As for anarchy "[i]n the sense of 'absence of government,'...there was plenty of government, not always in Stephen's hands, but much of it...recognisable as that normally associated with the king". (75-6) Everywhere in the kingdom, someone--Stephen himself, his rival Matilda, the king of the Scots, his son the earl of Huntingdon, or even the local magnate--ruled. Stephen's own rule was characterized by "frustration, disruption and obstruction at every turn". (36) Matilda's rule was even weaker, and when Henry took over the Plantagenet claim to England he was weaker still: "Grand political claims went with minimal administrative impact". (45) Oddly enough, the strongest rulers of England may have been the Scots, under whose rule in the North "royal government, modelled on that of Henry I,...was operating with fair efficiency. The task for Henry II was not to reconstruct it, but to transfer it to his own control." (54) There was a danger that the North of England would become part of the kingdom of Scotland, but elsewhere those exercising rule over areas of England claimed either to be or to be acting in the name of the rightful monarch. Because they all utilized the existing devices of government as best they could, "much of the administrative structure passed down from Henry I persisted, [although] it served not the king but those who claimed royal authority in his place". (36) Hence, "a king whose right to the throne was undisputed could call upon an administrative system which had survived sufficiently to need repair, but not wholesale reconstruction". (15)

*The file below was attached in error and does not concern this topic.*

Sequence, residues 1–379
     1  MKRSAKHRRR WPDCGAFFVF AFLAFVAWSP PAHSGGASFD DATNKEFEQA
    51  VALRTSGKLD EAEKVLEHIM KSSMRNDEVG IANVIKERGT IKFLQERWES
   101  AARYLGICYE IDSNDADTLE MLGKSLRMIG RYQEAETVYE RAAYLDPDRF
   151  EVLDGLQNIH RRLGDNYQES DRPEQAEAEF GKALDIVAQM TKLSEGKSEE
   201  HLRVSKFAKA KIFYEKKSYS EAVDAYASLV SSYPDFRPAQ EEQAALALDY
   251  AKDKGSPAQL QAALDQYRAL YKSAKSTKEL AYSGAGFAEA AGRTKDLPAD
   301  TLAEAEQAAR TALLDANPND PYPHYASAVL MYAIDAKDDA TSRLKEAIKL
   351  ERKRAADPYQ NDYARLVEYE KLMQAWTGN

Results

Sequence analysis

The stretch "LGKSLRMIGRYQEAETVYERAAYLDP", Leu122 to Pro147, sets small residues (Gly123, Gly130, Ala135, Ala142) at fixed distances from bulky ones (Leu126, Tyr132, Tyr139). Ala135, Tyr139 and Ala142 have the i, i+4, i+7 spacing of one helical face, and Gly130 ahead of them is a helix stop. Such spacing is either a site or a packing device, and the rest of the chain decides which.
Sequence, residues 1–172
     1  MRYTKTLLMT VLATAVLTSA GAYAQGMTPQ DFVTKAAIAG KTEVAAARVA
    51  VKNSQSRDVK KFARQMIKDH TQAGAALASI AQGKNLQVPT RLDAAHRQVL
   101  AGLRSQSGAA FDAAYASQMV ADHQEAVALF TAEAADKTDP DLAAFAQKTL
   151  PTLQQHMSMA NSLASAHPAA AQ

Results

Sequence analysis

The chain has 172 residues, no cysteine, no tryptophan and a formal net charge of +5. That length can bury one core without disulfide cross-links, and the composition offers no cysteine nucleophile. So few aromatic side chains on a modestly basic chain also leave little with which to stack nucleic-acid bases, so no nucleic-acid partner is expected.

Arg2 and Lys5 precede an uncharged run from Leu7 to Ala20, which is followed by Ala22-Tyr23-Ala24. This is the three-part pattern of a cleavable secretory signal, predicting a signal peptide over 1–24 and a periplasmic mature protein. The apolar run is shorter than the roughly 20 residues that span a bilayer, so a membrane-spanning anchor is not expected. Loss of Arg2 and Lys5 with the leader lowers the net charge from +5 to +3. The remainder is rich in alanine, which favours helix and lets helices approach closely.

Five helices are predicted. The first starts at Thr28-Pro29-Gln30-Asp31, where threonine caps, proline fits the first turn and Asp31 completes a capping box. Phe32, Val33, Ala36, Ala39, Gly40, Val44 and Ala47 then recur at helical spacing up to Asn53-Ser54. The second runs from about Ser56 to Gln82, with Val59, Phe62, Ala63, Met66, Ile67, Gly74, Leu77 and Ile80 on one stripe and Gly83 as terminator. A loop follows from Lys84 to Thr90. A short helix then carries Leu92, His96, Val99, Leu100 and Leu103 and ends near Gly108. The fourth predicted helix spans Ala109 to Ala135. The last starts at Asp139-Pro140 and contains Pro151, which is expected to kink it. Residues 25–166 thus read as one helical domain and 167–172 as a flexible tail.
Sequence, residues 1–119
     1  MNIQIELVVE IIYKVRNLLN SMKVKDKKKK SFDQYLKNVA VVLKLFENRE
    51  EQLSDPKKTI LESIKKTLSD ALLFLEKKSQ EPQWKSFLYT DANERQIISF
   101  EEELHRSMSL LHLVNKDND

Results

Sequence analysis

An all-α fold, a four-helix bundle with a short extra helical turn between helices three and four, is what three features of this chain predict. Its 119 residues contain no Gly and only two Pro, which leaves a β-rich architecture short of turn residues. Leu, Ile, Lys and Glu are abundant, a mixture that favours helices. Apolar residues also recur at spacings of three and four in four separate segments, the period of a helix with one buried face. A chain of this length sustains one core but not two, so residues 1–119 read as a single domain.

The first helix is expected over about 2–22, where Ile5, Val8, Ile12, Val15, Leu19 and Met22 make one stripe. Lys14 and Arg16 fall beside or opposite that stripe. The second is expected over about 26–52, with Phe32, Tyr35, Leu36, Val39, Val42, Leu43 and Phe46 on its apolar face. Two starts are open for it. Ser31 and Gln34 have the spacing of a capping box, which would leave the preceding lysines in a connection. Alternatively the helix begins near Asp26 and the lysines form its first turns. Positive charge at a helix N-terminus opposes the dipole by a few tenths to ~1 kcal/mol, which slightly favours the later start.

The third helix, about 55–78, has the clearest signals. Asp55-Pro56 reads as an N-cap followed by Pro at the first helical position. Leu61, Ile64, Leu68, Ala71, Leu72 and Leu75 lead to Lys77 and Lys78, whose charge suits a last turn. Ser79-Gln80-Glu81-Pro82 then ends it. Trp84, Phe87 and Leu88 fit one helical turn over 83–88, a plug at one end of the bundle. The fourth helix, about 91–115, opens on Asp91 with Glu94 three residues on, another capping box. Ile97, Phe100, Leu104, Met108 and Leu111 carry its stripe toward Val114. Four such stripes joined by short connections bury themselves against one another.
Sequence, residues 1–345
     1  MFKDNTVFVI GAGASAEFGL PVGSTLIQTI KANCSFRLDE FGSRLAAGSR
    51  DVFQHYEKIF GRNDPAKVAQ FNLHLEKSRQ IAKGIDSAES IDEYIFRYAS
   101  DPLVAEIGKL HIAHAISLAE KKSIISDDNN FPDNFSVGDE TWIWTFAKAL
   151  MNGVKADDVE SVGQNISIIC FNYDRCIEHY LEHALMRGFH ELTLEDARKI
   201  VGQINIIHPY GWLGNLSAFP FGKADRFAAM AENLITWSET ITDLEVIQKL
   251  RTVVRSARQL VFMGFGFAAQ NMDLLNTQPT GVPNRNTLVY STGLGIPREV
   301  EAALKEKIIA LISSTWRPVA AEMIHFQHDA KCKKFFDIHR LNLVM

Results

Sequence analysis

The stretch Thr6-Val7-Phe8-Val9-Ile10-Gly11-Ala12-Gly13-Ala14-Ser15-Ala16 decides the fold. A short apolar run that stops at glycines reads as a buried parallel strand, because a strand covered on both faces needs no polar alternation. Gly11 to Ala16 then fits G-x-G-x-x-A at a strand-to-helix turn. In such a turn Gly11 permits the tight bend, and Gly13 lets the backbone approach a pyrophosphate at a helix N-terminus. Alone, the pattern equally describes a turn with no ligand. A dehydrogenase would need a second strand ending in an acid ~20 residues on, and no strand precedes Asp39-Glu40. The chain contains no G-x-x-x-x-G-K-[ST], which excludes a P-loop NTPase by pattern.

White's treatment of Henry II's government in the first dozen years of his reign is divided into chapters on "Personnel and Property", "Financial Recovery", and "Administration of Justice". Two major themes resonate throughout. One is that, in all areas, Henry's devotion to things as they were on the day when his grandfather died was less slavish than has often been suggested: where it was useful or even politically neutral to restore things to conditions in 1135, he did so; but where circumstances recommended that later arrangements be allowed to stand, they were. "[N]o principle was so absolute that it could not be overridden in practice". (123) Thus, in personnel matters, "[h]aving appeased his grandfather's household servants, or their families, by acknowledging their titles, Henry II usually looked elsewhere for his key advisers and administrators..." (82) In the shires, even allegiance during the civil war was unimportant: "Men of ability were welcome, from whatever source they came, and those with administrative experience under Stephen clearly had much to contribute..." (99) In matters involving land, while "[i]t was useful politically to present transfers of property under Stephen as lacking validity,...in certain cases it was even more expedient to leave well alone. If we turn to the resumption of royal demesne, we find much the same thing....When it came to weighing political gain against financial loss, even the alienations of Stephen's reign might be better left to continue." (111-12) Indeed, Henry "did not pretend that [Stephen] had never been king....To have suggested, retrospectively, that England had been ruled for nineteen years by a mere count of Mortain would have undermined the dignity of kingship which it was Henry's consistent purpose to maintain." (128-9)